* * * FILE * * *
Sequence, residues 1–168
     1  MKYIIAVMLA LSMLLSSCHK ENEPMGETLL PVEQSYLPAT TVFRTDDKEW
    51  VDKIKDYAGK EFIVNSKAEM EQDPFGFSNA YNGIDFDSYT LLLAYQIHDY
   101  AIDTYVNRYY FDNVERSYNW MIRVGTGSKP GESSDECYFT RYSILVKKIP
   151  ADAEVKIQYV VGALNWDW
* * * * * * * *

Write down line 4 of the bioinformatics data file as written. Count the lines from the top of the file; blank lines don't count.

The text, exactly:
   101  AIDTYVNRYY FDNVERSYNW MIRVGTGSKP GESSDECYFT RYSILVKKIP